Three Reasons To Use Regular Expressions in Google Analytics

Three Reasons To Use Regular Expressions in Google Analytics

A regular expression (affectionately called "RegEx") is a string that many of us Google Analytics geeks use to describe or match a set of strings based on certain syntax rules. Google Analytics (GA) supports regular expressions so that users can create more powerful implementations.  In this article I am going to discuss the three main usages of RegEx in Google Analytics.

RegEx in Google Analytics

1. Creating Filters In Google Analytics

Filters in GA are more advanced and is useful for getting some very refined reports. One of the most used filter application in GA is excluding IP addresses.  This allows us to strip out the internal traffic from the GA report. Individual IP's can be excluded with predefined filters. By using custom filters we can block a range of dynamic IPs . This can be done by defining a proper RegEx format to get the entire IP series blocked.

Are you not a RegEx geek? Not sure about the expressions of quantifiers & repetitions? No worries. Google has a tool to automatically generate the correct regular expression for your range of IP addresses.

How will you make sure that you filtered out all internal IPs? Recently our very own GA wizard Jon has written a post on this titled “making sure specified RegEx format filters all internal IPs”.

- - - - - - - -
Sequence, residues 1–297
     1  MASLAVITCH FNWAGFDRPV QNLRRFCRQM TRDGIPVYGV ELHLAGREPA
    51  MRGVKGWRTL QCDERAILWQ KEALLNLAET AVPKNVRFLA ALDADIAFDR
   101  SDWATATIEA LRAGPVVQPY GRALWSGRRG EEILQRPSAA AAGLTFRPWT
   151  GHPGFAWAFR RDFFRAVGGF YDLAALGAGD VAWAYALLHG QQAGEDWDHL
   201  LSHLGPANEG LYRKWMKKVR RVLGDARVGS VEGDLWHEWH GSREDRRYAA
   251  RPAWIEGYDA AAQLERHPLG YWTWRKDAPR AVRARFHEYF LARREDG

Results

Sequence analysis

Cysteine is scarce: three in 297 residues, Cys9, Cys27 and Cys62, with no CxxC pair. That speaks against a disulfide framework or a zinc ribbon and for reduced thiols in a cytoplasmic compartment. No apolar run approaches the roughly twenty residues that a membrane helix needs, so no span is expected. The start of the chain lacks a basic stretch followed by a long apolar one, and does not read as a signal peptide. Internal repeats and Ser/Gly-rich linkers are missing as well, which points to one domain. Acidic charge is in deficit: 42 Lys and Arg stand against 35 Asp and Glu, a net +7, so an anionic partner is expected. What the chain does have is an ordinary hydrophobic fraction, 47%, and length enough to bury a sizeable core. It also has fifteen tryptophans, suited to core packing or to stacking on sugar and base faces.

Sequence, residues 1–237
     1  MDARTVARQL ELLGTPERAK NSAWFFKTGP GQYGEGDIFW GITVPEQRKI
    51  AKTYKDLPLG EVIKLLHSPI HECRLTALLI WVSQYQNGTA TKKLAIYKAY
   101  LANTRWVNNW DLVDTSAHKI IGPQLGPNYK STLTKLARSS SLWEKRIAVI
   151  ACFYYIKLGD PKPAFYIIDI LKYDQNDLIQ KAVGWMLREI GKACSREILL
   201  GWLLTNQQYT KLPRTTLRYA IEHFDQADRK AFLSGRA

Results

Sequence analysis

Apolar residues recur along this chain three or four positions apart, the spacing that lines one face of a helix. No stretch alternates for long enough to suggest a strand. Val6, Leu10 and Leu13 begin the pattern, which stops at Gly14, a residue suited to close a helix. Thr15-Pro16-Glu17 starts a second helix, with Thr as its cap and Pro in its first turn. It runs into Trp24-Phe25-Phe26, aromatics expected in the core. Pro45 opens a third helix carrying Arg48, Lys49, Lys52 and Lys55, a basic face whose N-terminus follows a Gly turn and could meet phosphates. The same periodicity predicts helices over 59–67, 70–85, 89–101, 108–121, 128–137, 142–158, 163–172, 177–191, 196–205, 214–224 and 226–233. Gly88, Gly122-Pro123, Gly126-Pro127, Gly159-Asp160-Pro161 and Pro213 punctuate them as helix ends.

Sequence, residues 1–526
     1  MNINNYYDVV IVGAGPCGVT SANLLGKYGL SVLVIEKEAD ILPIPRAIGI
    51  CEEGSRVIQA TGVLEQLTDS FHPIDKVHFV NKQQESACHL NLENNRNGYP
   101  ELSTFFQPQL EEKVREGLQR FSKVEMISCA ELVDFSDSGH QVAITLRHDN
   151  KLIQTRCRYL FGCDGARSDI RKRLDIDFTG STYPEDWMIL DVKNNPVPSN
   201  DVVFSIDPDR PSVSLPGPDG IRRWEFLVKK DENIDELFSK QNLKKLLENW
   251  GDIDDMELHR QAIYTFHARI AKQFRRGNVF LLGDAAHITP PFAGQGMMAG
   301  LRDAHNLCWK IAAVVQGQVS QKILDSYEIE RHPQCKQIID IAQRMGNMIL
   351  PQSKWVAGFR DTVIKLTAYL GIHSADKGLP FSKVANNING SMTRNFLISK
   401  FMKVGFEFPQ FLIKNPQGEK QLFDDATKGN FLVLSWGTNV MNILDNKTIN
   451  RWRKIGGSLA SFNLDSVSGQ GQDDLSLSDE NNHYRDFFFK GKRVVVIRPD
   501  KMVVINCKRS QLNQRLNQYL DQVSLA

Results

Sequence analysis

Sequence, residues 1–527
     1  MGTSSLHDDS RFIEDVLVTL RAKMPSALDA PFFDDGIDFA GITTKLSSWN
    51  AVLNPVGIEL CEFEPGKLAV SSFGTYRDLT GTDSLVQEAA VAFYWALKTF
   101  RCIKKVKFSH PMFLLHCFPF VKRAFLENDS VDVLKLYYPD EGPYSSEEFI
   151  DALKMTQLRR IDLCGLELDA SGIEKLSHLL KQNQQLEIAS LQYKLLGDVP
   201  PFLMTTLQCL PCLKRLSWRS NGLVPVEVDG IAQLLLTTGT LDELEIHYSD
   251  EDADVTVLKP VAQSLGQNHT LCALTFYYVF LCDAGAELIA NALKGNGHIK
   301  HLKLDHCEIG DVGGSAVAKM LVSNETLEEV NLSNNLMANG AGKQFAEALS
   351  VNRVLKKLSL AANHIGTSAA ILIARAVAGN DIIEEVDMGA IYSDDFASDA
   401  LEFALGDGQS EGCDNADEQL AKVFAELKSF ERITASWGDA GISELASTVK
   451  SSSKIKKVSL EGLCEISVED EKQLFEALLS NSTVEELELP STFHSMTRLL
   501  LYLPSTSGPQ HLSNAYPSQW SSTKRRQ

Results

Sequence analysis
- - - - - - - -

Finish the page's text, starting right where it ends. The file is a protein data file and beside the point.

2. Setting up Goals in Google Analytics

Goal set up is used to measure the number of conversions that a website is getting.  Most conversions we use help us understand how many form leads are being received.  To do this we need to choose a goal page which loads after the visitor completes the desired action. You may need to track many actions under one goal setup which have different goal pages. If that is the case the goal page should be defined in regular expression format so that Google Analytics will register goals when users complete all the desired actions which you want to be completed.

For example, the following are the pages that come after the desired actions.

Exact regular expression will match all the above three goal pages is “/.*/signup\.html” or “signup\.html$”

3. Filtering Data Within The Report Interface

Most Internet marketers love getting the Google Analytics keyword report to see the search terms that visitors used to reach the website. While reporting to this client, we at TechWyse like to filter out brand name searches in the keyword report.

This regular expression (tech\s?wyse) matches the following terms and strips them out from report.

“techwyse,, tech wyse”. This is an example and can be used in any Google Analytics report.

And so this ends my session on using regular expressions in Google Analytics.  I hope it helps!

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  • avatar

    Well it is a good to know that GA is not just a few random bars or line graphs and some heavy number crunching to do, but also helps get you specific and useful information and using filters extensively to drive your point in there. I think its a good way to start experimenting your results and carve the right results! 🙂

  • avatar

    Good read Elan! I didn't think RegEx can do this much to filter and get proper analytics data. It seems Google is using RegEx extensively in all the areas. Moreover it's good that we've got tools to generate RegEx and no coding knowledge is required to keep going.

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